Edited by John Foster and Werner Hölzl
Chapter 3: Random walks and non-linear paths in macroeconomic time series: some evidence and implications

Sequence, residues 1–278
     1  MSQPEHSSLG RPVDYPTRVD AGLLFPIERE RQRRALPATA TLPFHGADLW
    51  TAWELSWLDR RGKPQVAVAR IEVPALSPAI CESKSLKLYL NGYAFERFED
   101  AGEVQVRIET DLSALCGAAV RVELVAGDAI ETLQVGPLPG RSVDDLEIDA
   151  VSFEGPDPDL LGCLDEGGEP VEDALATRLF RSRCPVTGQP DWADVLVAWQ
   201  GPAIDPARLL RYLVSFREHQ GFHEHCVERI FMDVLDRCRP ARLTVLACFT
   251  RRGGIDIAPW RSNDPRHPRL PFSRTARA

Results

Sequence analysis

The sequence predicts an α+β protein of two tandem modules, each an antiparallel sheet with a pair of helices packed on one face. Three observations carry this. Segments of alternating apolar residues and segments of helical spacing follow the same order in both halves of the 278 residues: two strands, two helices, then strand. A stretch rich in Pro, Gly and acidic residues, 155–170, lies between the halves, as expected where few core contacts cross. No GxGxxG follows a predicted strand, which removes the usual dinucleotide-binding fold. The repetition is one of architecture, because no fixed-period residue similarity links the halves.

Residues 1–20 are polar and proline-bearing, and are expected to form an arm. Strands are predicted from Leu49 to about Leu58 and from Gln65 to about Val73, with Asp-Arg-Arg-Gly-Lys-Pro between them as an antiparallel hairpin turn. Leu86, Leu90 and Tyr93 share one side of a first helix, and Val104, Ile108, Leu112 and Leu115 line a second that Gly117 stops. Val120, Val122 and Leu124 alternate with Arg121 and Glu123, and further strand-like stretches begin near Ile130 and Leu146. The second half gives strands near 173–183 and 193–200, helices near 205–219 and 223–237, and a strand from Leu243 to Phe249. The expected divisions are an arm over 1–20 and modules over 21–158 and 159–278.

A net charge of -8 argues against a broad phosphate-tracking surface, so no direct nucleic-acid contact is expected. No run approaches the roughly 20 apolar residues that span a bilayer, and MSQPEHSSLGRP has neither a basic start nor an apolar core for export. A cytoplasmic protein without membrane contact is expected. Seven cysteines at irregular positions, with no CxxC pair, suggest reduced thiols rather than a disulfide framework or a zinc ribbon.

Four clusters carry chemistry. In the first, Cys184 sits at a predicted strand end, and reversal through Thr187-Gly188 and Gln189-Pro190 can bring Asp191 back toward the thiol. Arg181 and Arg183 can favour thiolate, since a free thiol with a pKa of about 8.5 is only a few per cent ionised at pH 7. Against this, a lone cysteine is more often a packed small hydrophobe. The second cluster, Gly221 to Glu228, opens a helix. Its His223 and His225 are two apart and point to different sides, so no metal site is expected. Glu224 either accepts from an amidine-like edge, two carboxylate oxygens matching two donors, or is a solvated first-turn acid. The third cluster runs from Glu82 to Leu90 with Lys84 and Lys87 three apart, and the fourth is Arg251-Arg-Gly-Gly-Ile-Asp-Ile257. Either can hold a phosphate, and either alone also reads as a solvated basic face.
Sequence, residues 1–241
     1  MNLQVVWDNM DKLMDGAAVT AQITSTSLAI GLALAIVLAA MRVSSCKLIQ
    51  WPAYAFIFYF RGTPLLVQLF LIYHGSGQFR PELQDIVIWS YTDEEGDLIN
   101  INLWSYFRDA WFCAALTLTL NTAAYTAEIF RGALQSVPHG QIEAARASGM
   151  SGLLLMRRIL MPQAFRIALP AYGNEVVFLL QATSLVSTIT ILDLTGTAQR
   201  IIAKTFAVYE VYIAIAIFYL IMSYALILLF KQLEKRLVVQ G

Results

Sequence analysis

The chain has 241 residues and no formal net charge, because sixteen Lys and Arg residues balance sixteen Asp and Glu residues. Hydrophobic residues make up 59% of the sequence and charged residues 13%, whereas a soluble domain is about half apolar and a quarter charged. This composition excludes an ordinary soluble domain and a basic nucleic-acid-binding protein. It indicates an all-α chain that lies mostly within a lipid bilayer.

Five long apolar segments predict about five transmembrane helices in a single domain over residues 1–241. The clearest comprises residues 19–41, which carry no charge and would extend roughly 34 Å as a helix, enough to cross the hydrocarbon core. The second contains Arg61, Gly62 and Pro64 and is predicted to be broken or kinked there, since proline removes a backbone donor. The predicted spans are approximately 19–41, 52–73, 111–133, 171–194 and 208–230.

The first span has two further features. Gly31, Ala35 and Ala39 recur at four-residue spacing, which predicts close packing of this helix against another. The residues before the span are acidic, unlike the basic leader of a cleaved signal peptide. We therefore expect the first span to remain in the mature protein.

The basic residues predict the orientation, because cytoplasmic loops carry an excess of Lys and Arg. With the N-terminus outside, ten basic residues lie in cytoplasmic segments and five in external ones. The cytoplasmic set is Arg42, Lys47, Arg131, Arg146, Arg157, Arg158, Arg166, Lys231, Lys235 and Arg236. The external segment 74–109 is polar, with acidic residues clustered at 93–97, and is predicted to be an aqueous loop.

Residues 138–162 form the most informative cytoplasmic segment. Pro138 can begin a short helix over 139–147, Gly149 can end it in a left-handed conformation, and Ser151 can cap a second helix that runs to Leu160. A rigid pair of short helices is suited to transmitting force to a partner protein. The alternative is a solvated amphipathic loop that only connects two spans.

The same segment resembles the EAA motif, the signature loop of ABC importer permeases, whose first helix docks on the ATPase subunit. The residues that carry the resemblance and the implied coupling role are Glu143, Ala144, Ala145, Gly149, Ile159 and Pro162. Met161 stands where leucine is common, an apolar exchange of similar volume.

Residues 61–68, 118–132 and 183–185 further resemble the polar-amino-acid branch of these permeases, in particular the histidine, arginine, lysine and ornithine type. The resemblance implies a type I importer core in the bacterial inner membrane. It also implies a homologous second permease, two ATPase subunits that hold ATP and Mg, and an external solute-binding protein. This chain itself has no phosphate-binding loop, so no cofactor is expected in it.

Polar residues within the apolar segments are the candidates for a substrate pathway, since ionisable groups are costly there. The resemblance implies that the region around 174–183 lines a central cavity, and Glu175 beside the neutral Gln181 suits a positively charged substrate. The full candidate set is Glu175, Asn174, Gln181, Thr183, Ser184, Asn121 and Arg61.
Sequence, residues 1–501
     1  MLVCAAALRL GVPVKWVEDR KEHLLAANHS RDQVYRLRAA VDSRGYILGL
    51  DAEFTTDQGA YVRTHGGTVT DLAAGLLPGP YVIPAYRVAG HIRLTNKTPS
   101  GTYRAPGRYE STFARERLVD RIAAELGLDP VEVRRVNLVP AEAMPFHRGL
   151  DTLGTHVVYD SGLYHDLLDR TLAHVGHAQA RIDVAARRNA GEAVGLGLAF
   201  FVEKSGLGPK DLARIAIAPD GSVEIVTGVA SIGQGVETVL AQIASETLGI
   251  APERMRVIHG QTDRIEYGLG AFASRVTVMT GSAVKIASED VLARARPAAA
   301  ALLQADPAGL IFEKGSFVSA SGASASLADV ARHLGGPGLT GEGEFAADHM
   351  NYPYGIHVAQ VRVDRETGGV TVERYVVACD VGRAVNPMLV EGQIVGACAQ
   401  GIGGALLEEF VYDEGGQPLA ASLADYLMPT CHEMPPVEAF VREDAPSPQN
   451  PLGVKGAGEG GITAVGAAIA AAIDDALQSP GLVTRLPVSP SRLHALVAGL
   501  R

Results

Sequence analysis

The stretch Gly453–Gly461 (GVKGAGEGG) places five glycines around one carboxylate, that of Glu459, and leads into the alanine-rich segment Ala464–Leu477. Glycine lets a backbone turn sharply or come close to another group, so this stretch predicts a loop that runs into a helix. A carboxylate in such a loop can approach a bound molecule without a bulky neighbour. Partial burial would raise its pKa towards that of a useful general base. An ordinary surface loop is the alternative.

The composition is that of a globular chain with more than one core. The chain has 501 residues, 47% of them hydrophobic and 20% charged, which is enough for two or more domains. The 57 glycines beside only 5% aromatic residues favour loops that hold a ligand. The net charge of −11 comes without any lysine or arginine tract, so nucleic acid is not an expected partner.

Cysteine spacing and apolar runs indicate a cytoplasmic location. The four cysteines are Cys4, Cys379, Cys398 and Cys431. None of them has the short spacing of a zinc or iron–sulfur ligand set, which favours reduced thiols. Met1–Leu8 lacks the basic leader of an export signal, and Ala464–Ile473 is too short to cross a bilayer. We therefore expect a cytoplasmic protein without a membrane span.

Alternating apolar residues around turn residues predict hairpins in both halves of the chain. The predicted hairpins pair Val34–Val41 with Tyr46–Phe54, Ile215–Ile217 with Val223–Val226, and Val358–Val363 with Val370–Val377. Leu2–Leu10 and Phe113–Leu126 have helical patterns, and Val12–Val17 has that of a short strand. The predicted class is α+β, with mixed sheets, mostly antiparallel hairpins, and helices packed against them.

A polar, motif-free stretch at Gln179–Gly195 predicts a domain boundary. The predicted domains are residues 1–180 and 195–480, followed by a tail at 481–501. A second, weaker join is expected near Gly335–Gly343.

Franco Bevilacqua and Adriaan van Zon 1. INTRODUCTION The aim of this chapter is to identify the nature of the dynamics of macroeconomic time series. When time series are characterized by zero autocorrelation for all possible leads and lags, the issue of distinguishing between deterministic and stochastic components becomes an impossible task when linear methods are used (Hommes 1998). This impasse arises because linear methods are appropriate to detect regularities in time series like autocorrelations and dominant frequencies (Conover 1971, Oppenheim and Schafer 1989), while ﬂuctuations in real economic time series are generally characterized by zero autocorrelation and no dominant frequency. Economic ﬂuctuations seem really similar to background noise, which does not possess dominant frequencies and each noise impulse is not serially correlated. The spectral analysis of economic ﬂuctuations, seemingly as complex as noise, has led many economists to consider ﬂuctuations as identically independently distributed (i.i.d.) events. As a matter of fact the i.i.d. hypothesis is an obvious necessity for all linear models to describe, at least approximately, the irregularities in the observed data. In the past two kinds of linear economic models based on the i.i.d. hypothesis in the residuals have been presented. In the ﬁrst model, known as the deterministic trend model, variables evolve as a function in time along a linear trend. In the second model (the stochastic trend model), variables evolve as a function of their forgoing values and a shock shifts the value of the variable from the lagged value (Rappoport and Reichlin 1989). In...
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